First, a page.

Rising Interest Rates Pose Challenge For Canadian Debtholders

2017-09-20   minute read

Tanya Reynolds

Debt Solutions

With the Bank of Canada raising interest rates on September 6, debt holders across the country are left wondering what it means for them. While the size of the increase — a quarter percent — may not seem significant, there are several reasons why people should be taking this move seriously.


An Emerging Trend

The latest increase marks the second time in little more than two months that rates have gone up. As the effects of the July rate hike have yet to be fully realized, debt holders are poised to feel the weight of a half percent rise when heating and power bills spike in the fall. Not to mention, rates are expected to go up again as soon as October and potentially once more before the end of the year. That, in concert with the inevitable overspending that accompanies the upcoming holiday season, points to a significant wake-up call come January. Even households who feel comfortable now will soon feel the squeeze if they don’t take steps now to get their debt under control.

Record Debt

Canadian households are carrying more debt now than at any other point in history. The average non-mortgage consumer debt, including loans, lines of credit and credit cards, currently sits at over $22,000 per person. For every $1 of disposable income a Canadian earns, they owe $1.68 to various creditors. This leaves frighteningly little money left over for anyone hoping to get ahead. As the debt to income gap will only widen as interest costs continue to rise, the situation could quickly become unmanageable.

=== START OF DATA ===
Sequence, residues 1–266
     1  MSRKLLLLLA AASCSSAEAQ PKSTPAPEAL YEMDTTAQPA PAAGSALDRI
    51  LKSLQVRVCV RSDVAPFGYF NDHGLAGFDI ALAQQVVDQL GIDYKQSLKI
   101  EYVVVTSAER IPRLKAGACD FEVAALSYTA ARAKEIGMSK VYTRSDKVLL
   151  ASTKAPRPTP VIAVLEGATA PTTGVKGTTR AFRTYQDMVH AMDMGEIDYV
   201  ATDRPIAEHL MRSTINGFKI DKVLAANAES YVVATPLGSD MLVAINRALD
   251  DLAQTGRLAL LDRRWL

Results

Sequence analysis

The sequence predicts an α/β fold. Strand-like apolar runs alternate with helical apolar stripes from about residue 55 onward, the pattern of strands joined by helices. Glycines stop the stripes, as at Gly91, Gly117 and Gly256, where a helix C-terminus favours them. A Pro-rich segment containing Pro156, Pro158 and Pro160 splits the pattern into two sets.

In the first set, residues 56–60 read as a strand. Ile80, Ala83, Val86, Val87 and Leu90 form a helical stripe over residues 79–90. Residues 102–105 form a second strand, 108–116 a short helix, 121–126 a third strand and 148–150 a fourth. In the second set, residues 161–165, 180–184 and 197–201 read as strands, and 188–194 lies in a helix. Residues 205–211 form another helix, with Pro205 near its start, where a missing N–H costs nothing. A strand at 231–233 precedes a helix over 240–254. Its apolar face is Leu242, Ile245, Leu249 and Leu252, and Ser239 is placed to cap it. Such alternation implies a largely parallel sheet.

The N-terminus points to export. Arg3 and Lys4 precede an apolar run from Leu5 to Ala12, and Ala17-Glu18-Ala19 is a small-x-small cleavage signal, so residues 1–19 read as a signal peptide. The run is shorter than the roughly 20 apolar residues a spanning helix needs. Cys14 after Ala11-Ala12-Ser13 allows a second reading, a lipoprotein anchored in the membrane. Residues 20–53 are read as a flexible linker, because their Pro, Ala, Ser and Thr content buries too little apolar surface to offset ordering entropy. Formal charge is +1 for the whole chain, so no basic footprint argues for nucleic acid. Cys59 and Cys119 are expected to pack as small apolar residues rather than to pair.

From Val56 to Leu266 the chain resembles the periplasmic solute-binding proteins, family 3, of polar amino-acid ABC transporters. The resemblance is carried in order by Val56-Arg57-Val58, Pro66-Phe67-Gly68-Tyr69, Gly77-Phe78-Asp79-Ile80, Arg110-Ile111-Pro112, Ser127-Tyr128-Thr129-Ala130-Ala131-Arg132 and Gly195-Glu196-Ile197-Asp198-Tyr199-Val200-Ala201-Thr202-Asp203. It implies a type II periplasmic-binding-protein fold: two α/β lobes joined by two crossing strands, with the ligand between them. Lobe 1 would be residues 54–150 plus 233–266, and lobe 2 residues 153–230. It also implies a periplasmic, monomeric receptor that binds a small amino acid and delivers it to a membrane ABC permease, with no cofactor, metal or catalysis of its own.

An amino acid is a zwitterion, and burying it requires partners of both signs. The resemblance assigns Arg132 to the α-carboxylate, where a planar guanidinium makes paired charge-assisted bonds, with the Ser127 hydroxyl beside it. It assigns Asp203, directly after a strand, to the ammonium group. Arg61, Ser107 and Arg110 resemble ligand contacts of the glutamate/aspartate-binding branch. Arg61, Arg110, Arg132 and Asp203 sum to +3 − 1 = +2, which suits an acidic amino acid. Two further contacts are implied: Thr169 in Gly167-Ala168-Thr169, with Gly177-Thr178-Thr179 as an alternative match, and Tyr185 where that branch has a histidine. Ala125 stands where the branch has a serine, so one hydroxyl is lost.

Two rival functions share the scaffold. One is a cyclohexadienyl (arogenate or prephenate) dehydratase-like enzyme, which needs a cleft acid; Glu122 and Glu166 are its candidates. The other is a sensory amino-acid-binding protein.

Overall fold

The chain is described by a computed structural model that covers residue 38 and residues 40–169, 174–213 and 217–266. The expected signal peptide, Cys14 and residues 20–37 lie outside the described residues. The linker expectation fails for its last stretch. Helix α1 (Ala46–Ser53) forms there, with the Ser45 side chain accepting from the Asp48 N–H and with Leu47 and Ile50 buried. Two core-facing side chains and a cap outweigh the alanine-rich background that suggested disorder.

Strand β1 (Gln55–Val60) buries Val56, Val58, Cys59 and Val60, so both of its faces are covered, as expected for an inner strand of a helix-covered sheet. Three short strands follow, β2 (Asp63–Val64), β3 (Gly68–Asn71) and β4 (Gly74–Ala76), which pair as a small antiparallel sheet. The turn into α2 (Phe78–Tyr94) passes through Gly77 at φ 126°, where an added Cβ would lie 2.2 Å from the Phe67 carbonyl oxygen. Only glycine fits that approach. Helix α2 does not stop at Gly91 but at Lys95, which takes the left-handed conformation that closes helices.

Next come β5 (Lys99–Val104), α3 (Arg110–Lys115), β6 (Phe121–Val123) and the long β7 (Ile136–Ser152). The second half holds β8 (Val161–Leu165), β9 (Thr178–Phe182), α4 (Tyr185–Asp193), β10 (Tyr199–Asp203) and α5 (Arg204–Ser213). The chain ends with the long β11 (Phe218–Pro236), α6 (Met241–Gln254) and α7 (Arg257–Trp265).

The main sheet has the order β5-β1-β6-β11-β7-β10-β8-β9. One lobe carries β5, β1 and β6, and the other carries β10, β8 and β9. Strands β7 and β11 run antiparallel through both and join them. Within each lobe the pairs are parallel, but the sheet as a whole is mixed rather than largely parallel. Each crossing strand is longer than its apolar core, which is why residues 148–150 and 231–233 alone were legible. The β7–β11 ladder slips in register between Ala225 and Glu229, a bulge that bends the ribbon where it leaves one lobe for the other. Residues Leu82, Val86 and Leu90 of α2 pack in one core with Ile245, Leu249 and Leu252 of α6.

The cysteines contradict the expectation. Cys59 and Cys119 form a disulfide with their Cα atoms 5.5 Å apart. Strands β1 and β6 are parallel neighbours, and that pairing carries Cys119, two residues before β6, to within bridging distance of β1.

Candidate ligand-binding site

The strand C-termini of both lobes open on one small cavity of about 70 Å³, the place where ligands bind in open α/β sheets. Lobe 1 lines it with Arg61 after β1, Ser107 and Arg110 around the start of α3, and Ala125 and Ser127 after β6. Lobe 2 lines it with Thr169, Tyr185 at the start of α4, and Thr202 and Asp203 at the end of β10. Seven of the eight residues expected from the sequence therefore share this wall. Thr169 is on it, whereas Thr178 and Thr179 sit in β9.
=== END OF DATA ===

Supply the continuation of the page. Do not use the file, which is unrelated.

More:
Narrow Margins

Upwards of half of all Canadians already report being within $200 per month of not being able to pay their bills. This could prove to be the tipping point that pushes many over the edge into an insolvency situation. For example, a homeowner with a $500,000 mortgage and an interest rate of 2% would expect to pay an additional $123 per month if their rate jumped to 2.5% with the latest increases — potentially cutting a household’s breathing room in half. Similar considerations would need to be made for lines of credit, loans or credit cards also making use of variable rates.

Make A Plan

Now is a pivotal time for debtholders across the country. People will want to take a critical review of their budgets to determine where they currently sit and what the impacts of rising interest rates will be. Most will want to reconsider certain big-ticket purchases such as new cars or appliances and focus on saving instead. They should also be looking at what can be cut and — if possible — what can be re-directed to paying down the principal value of their debts. Finally, for those who opted for variable interest rates, hoping to take advantage of seven years of near historically low offerings, it may be time to lock in while they are still near the bottom of what looks to be a steep upward climb.

If you’ve followed the above steps and still worry how you’re going to keep up with the shifting tide, it may be time to sit down with a professional to review your options.

An original article discussing the recent interest rate increase and concern amongst Canadians was published http://www.chroniclejournal.com/news/local/some-over-extended-with-debt/article_30c1d922-944e-11e7-b3ec-8f1287202524.html online on September 8, 2017.

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